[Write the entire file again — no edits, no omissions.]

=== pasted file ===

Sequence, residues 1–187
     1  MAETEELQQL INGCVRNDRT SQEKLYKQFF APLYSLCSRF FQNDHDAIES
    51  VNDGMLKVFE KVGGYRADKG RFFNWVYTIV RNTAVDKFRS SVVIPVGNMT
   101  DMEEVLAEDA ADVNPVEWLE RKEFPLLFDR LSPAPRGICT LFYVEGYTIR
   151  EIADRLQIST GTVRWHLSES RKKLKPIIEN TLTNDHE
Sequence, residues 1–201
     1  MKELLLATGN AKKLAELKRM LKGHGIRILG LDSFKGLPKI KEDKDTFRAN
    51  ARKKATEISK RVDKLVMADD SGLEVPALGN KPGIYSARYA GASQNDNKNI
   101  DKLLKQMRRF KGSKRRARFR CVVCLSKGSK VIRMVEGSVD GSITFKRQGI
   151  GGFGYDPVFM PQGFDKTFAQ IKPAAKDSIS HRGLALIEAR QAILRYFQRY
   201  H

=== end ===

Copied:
Sequence, residues 1–187
     1  MAETEELQQL INGCVRNDRT SQEKLYKQFF APLYSLCSRF FQNDHDAIES
    51  VNDGMLKVFE KVGGYRADKG RFFNWVYTIV RNTAVDKFRS SVVIPVGNMT
   101  DMEEVLAEDA ADVNPVEWLE RKEFPLLFDR LSPAPRGICT LFYVEGYTIR
   151  EIADRLQIST GTVRWHLSES RKKLKPIIEN TLTNDHE
Sequence, residues 1–201
     1  MKELLLATGN AKKLAELKRM LKGHGIRILG LDSFKGLPKI KEDKDTFRAN
    51  ARKKATEISK RVDKLVMADD SGLEVPALGN KPGIYSARYA GASQNDNKNI
   101  DKLLKQMRRF KGSKRRARFR CVVCLSKGSK VIRMVEGSVD GSITFKRQGI
   151  GGFGYDPVFM PQGFDKTFAQ IKPAAKDSIS HRGLALIEAR QAILRYFQRY
   201  H